reddish-brown, fragrant, very soft, and splits easily. In the perfumery
industry it usually passes under the name of the “cedar of Lebanon,”
although the wood from the last-mentioned tree (Cedrus libanotica) has
quite a different agreeable odor, is very firm, reddish-brown, and of a
very bitter taste—qualities by which it is readily distinguished from
the other.


_Latin_—Cinnamomum; _French_—Canelle; _German_—Zimmtrinde.

Cinnamon consists of the bark of the young twigs of the cinnamon-tree,
Cinnamomum zeylanicum, indigenous to Ceylon. Good cinnamon consists
of thin, tubular, rolled pieces of bark which are smooth, light brown
(darker on fracture), of a pronounced characteristic odor, and a
burning and at the same time sweet taste. The most valuable in commerce
is that from Ceylon; the thicker bark is less fine.

Chinese cinnamon or cassia (French, Cassie; German, Zimmtcassia)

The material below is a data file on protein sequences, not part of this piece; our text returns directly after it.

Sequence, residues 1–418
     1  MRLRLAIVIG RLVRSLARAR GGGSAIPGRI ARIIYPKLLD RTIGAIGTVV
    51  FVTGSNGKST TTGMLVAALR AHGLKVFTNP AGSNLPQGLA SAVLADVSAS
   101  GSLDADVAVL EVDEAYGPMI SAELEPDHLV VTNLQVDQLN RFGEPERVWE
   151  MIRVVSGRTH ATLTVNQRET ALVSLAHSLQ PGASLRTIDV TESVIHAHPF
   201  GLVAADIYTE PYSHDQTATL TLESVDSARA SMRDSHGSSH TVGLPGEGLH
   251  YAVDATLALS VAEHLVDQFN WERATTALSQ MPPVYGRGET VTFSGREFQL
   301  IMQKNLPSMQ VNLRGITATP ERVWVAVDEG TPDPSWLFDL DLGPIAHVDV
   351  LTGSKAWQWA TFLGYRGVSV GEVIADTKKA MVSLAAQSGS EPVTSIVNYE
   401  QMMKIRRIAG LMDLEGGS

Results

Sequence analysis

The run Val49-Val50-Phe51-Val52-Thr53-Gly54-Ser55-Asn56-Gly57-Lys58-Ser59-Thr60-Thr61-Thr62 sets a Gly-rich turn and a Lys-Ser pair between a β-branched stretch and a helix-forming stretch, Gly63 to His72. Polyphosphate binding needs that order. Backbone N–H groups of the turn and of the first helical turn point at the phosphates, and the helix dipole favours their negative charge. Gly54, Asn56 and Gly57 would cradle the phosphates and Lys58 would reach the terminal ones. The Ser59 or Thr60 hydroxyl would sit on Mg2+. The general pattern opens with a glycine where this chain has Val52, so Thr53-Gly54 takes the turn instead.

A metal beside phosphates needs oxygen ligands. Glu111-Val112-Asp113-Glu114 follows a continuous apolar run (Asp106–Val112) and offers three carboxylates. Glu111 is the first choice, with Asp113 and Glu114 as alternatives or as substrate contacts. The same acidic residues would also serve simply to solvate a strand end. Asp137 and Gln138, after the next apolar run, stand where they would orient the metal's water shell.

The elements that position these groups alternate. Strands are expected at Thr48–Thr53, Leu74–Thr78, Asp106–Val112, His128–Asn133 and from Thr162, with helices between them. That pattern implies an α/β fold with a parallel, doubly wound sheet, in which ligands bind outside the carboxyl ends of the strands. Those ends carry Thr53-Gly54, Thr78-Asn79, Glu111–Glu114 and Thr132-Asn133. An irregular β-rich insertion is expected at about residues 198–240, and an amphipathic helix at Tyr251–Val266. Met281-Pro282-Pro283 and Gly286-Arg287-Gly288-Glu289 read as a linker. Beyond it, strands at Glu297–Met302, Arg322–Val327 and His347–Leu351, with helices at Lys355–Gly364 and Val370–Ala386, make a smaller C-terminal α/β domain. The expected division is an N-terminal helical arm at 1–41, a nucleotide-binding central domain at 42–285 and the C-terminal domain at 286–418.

consists of the bark of the cassia-tree, an undetermined species of
Cinnamomum indigenous to Southern China; this is grayish-brown and
has the general properties of true cinnamon, but it as well as the
oil extracted from it has a less fine odor than cinnamon or oil of
cinnamon. A very fine kind of Cinnamon has for a number of years past
appeared on the market under the name of Saigon cinnamon. It is very
rich in oil, and is exported from Cochin-China. Besides the true oils
of cinnamon and cassia, other essential oils are met with in commerce
under the names of oil of cinnamon flowers and oil of cinnamon leaves,
but their odor is not so fine as that of the former. The so-called
cinnamon flowers are the unripe fruits of various cinnamon laurels,
collected after the fall of the blossoms. They form brownish cones the
length of the nail of the little finger, and furnish an essential oil
whose odor resembles that of cinnamon.


_Latin_—Fructus Citri; _French_—Citron; _German_—Citronenfrüchte.

The fruit of a tree, Citrus medica, indigenous to northern India, but
largely cultivated in the countries situated around the Mediterranean
and in other countries. It is cultivated both for the pleasant acid